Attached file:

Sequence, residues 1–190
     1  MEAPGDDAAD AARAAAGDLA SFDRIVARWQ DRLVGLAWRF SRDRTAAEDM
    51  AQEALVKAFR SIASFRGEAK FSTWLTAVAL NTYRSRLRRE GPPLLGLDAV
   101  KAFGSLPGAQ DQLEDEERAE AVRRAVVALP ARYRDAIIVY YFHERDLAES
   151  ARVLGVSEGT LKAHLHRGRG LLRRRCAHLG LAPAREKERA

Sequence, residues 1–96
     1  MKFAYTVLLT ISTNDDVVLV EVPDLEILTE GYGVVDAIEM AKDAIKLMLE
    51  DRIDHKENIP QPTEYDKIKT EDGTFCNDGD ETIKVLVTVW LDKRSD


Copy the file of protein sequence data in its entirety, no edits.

Sequence, residues 1–190
     1  MEAPGDDAAD AARAAAGDLA SFDRIVARWQ DRLVGLAWRF SRDRTAAEDM
    51  AQEALVKAFR SIASFRGEAK FSTWLTAVAL NTYRSRLRRE GPPLLGLDAV
   101  KAFGSLPGAQ DQLEDEERAE AVRRAVVALP ARYRDAIIVY YFHERDLAES
   151  ARVLGVSEGT LKAHLHRGRG LLRRRCAHLG LAPAREKERA

Sequence, residues 1–96
     1  MKFAYTVLLT ISTNDDVVLV EVPDLEILTE GYGVVDAIEM AKDAIKLMLE
    51  DRIDHKENIP QPTEYDKIKT EDGTFCNDGD ETIKVLVTVW LDKRSD